14 February, 2007

Thevenin's and Norton's Theorem

Thevenin's Theorem :
This theorem was first discovered by German scientist Hermann von Helmholtz in 1853, but was then rediscovered in 1883 by French telegraph engineer Léon Charles Thévenin (1857-1926).

This theorem states that any linear bilateral circuit with combination of voltage sources , current sources and resistors with two terminals is electrically equivalent to a single voltage source VTh (Thevenin Voltage) and a single series resistor RTh (Thevenin Resistance).This equivalent is called Thevenin Equivalent.

Calculating the Thevenin equivalent :

To calculate the equivalent circuit, one needs a resistance and a voltage - two unknowns. And so, one needs two equations. These two equations are usually obtained by using the following steps, but any conditions one places on the terminals of the circuit should also work:
  1. Calculate the output voltage, VAB, when in open circuit condition (no load resistor - meaning infinite resistance). This is VTh.
  2. Calculate the output current, IAB, when those leads are short circuited (load resistance is 0) RTh equals VTh divided by this IAB.
Case 2 could also be thought of like this:
2a. Now replace voltage sources with short circuits and current sources with open circuits.
2b. Replace the load circuit with an imaginary ohm meter and measure the total resistance, R, "looking back" into the circuit. This is RTh.
The Thevenin-equivalent voltage is the voltage at the output terminals of the original circuit. When calculating a Thevenin-equivalent voltage, the voltage divider principle is often useful, by declaring one terminal to be Vout and the other terminal to be at the ground point.
The Thevenin-equivalent resistance is the resistance measured across points A and B "looking back" into the circuit. It is important to first replace all voltage- and current-sources with their internal resistances. For an ideal voltage source, this means replace the voltage source with a short circuit. For an ideal current source, this means replace the current source with an open circuit. Resistance can then be calculated across the terminals using the formulae for series and parallel circuits.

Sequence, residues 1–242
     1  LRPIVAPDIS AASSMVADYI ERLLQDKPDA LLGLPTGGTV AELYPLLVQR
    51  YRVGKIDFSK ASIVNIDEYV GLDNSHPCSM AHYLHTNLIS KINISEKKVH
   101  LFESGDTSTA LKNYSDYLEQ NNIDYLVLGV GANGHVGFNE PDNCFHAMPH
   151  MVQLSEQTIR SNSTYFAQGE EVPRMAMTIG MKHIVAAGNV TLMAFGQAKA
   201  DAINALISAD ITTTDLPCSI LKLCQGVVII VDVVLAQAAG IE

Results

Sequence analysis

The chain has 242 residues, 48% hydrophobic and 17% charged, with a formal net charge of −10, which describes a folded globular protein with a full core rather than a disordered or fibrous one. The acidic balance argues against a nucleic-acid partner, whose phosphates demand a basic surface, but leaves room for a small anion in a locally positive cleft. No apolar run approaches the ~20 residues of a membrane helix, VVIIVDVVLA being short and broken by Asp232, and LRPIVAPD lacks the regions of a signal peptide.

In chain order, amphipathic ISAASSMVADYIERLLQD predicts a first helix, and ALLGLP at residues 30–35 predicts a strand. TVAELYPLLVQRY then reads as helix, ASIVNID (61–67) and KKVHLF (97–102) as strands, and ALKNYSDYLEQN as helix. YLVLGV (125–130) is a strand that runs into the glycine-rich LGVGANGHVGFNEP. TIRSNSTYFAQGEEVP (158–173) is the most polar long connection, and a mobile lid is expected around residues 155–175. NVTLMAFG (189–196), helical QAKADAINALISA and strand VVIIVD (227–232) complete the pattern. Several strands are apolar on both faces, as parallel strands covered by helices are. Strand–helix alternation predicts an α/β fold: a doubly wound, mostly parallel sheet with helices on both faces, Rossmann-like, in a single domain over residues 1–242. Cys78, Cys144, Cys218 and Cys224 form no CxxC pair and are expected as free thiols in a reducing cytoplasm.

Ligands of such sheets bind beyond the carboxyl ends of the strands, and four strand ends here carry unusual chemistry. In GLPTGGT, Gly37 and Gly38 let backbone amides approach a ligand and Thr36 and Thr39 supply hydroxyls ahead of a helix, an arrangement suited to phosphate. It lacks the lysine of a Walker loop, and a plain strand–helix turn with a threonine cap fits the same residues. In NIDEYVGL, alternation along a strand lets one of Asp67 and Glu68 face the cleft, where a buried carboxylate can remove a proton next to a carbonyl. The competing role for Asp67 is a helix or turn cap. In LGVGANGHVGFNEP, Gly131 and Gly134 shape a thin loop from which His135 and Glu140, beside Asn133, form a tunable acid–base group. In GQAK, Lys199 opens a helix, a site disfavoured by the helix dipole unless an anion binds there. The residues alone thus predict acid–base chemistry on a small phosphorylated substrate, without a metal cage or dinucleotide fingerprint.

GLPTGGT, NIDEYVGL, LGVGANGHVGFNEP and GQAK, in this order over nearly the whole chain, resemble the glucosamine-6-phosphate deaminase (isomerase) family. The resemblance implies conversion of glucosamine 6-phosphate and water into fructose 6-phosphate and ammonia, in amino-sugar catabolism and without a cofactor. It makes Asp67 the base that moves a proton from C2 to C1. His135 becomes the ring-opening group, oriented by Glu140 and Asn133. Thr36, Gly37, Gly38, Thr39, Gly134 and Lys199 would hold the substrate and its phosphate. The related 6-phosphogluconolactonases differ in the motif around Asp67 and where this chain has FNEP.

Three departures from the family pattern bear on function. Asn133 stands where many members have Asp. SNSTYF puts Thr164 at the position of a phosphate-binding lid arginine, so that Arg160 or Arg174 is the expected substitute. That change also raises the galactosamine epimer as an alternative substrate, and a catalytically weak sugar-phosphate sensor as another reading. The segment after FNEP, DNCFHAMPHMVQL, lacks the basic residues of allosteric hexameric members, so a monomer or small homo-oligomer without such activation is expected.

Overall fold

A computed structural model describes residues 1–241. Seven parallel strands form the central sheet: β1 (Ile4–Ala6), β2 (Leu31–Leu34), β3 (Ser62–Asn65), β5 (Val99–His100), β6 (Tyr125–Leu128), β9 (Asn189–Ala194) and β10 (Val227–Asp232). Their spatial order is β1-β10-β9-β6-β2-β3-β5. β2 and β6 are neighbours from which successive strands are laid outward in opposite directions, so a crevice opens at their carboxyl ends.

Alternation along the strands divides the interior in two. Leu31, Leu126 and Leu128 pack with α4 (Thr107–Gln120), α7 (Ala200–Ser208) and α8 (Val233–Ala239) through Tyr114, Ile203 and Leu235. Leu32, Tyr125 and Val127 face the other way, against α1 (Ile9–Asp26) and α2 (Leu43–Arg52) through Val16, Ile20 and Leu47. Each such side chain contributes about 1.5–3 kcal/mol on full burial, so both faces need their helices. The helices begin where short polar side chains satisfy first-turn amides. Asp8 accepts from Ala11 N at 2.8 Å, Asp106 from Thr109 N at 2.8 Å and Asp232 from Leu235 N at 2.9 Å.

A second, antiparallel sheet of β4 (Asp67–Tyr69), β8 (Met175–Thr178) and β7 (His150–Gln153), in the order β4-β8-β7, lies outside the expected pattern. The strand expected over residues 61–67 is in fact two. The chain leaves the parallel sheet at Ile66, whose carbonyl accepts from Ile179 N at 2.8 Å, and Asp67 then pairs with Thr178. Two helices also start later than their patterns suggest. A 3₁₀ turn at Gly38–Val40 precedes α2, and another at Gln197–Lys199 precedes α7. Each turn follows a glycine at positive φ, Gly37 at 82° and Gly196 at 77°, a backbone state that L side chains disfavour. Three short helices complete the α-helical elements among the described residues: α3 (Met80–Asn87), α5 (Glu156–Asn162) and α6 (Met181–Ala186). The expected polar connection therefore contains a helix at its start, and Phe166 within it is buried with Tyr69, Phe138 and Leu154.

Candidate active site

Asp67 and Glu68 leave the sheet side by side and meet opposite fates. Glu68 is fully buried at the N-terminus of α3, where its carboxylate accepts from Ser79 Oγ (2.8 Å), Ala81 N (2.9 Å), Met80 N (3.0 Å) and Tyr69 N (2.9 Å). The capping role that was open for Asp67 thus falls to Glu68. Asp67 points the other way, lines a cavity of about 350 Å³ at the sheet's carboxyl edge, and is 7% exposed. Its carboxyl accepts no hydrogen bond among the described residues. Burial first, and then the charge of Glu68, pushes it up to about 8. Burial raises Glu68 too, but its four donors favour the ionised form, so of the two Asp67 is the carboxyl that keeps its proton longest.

A Norton equivalent circuit is related to the Thevenin equivalent by the following equations:
RTh = RNo , VTh = INo RNo
Example of a Thévenin equivalent circuit



In the example, calculating equivalent voltage and resistance:

Norton's Theorem :
Norton's theorem is an extension of Thevenin's theorem and was introduced in 1926 separately by two people: Hause-Siemens researcher Hans Ferdinand Mayer (1895-1980) and Bell Labs engineer Edward Lawry Norton (1898-1983). Mayer was the only one of the two who actually published on this topic, but Norton made known his finding through an internal technical report at Bell Labs.

This theorem states that any linear bilateral circuit with combination of voltage sources , current sources and resistors with two terminals is electrically equivalent to an ideal current soure, INo, in parallel with a single resistor, RNo.This equivalent is called Norton Equivalent.

Calculation of Norton Equivalent
To calculate the equivalent circuit:
  1. Calculate the output current, IAB, when a short circuit is the load (meaning 0 resistance between A and B). This is INo.
  2. Calculate the output voltage, VAB, when in open circuit condition (no load resistor - meaning infinite resistance). RNo equals this VAB divided by INo.
The equivalent circuit is a current source with current INo, in parallel with a resistance RNo.
Case 2 can also be thought of like this:
2a. Now replace independent voltage sources with short circuits and independent current sources with open circuits.
2b. For circuits without dependent sources RNo is the total resistance with the independent sources removed.
* Note: A more general method for determining the Norton Impedance is to connect a current source at the output terminals of the circuit with a value of 1 Ampere and calculate the voltage at its terminals; this voltage is equal to the impedance of the circuit. This method must be used if the circuit contains dependent sources. This method is not shown below in the diagrams.
To convert to a Thevenin equivalent circuit, one can use the following equations:
RTh = RNo
VTh = INo RNo



Example of Norton Equivalent circuit




For more information on Thevenin's theorem visit these sites :
www.eas.asu.edu/~holbert/ece201/ECE201Lect-13.ppt
www.ee.adfa.edu.au/staff/hrp/teaching/docs/superThevininMar96.pdf
www.allaboutcircuits.com/vol_1/chpt_10/7.html
http://www.wisc-online.com/objects/index_tj.asp?objid=DCE5803 -- Online Calculations
http://hyperphysics.phy-astr.gsu.edu/hbase/electric/thevenin.html
http://utwired.engr.utexas.edu/rgd1/lesson09.cfm
http://www.swarthmore.edu/NatSci/echeeve1/Ref/E72WhaKnow/WhaKnow.html
www.ibiblio.org/kuphaldt/socratic/output/millman.pdf --- Some Practice problems
For more information on Norton's theorem visit these sites :
www.eas.asu.edu/~holbert/ece201/ECE201Lect-14.ppt
www.allaboutcircuits.com/vol_1/chpt_10/8.html
http://www.wisc-online.com/objects/index_tj.asp?objid=DCE10004
http://230nsc1.phy-astr.gsu.edu/hbase/electric/nort2l.html
www.bowest.com.au/library/theorems.html
http://utwired.engr.utexas.edu/rgd1/lesson09.cfm

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